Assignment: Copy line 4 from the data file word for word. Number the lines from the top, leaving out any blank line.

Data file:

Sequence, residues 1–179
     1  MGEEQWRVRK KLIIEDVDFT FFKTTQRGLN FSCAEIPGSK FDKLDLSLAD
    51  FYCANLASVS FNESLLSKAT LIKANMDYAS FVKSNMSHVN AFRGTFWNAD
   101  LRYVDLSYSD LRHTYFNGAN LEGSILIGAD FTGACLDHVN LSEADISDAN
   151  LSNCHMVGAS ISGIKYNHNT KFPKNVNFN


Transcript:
   101  LRYVDLSYSD LRHTYFNGAN LEGSILIGAD FTGACLDHVN LSEADISDAN